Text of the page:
Margo Hoff (1910–2008) was one of the American women artists, often overlooked today, who worked through the same aesthetic and conceptual...
By Candice Weber|
Margo Hoff (1910–2008) was one of the American women artists, often overlooked today, who worked through the same aesthetic and conceptual issues as their more famous male counterparts in the mid-20th century. While in Chicago, from 1933–60, Hoff attended SAIC, exhibited with up-and-coming local art dealers and created work that appears to draw equally from Mexican murals, Midwestern regionalism, early modernists such as Matisse and Picasso, and trends including abstraction and color field painting. Despite this panoply of influences, Hoff’s paintings never come off as scattered or unoriginal. Instead, they burst with life and with the artist’s thoughtful perspective on the world around her.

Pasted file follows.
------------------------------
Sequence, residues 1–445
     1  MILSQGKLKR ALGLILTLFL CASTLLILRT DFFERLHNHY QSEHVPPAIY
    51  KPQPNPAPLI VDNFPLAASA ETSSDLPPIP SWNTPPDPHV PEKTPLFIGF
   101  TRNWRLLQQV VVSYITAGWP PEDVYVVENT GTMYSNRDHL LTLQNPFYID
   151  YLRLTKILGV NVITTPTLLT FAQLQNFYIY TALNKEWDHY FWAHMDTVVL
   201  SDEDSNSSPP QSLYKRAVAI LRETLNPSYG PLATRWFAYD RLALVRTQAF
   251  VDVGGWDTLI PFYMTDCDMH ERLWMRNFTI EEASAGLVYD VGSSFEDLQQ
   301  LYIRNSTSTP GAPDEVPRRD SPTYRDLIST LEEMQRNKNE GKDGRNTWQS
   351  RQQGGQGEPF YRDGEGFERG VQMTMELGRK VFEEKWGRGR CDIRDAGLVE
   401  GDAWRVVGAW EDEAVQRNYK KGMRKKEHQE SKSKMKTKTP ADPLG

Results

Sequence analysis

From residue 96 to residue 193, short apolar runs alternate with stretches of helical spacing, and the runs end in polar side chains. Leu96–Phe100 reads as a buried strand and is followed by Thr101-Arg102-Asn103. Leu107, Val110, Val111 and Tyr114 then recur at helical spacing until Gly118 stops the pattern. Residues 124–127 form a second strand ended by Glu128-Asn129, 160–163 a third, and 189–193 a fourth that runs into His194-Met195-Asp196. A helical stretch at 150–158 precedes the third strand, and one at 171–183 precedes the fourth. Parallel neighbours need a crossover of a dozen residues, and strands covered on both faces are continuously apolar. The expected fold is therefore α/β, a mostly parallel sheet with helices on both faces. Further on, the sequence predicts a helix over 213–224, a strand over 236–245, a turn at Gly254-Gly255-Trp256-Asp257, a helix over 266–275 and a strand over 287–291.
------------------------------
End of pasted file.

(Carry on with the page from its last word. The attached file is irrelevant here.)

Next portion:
In the small panel Siesta Upstairs (1945), a sedate scene set in Hoff’s Chicago home, a reverent glow surrounds the tiny form of her daughter, asleep on a massive bed. “Restless City” juxtaposes similarly quiet, contemplative pieces from the 1940s and 1950s with the large-scale canvases Hoff produced in the latter half of her career. These paintings are full of brilliant colors and geometric patterns, abstractions of city streets, busy crowds and—in Reception for the Artist (pictured, 1987)—an aerial view of gallery visitors posed against works of art.
Hoff’s stylized woodcuts are the show’s hidden gems; fortunately, more of these lively prints appear in the handsome catalog. Corbett vs. Dempsey has assembled a fitting retrospective but one that only scratches the surface of Hoff’s 50 years as a successful international artist.